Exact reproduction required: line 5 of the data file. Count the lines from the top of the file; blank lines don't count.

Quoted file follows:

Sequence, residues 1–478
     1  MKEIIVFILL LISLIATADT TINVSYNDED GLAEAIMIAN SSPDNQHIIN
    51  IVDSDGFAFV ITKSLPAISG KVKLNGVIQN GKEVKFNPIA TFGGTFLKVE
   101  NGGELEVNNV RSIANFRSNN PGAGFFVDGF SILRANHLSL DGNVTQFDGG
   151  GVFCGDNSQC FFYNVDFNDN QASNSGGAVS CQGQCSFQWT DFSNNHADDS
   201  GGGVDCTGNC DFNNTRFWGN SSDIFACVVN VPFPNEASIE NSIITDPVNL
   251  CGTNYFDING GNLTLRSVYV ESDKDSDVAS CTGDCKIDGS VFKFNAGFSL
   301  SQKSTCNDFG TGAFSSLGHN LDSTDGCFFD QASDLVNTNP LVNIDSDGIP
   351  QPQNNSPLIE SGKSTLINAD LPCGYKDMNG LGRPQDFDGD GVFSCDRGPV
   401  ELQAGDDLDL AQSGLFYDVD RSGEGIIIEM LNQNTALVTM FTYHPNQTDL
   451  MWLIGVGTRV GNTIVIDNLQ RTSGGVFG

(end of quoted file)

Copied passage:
   151  GVFCGDNSQC FFYNVDFNDN QASNSGGAVS CQGQCSFQWT DFSNNHADDS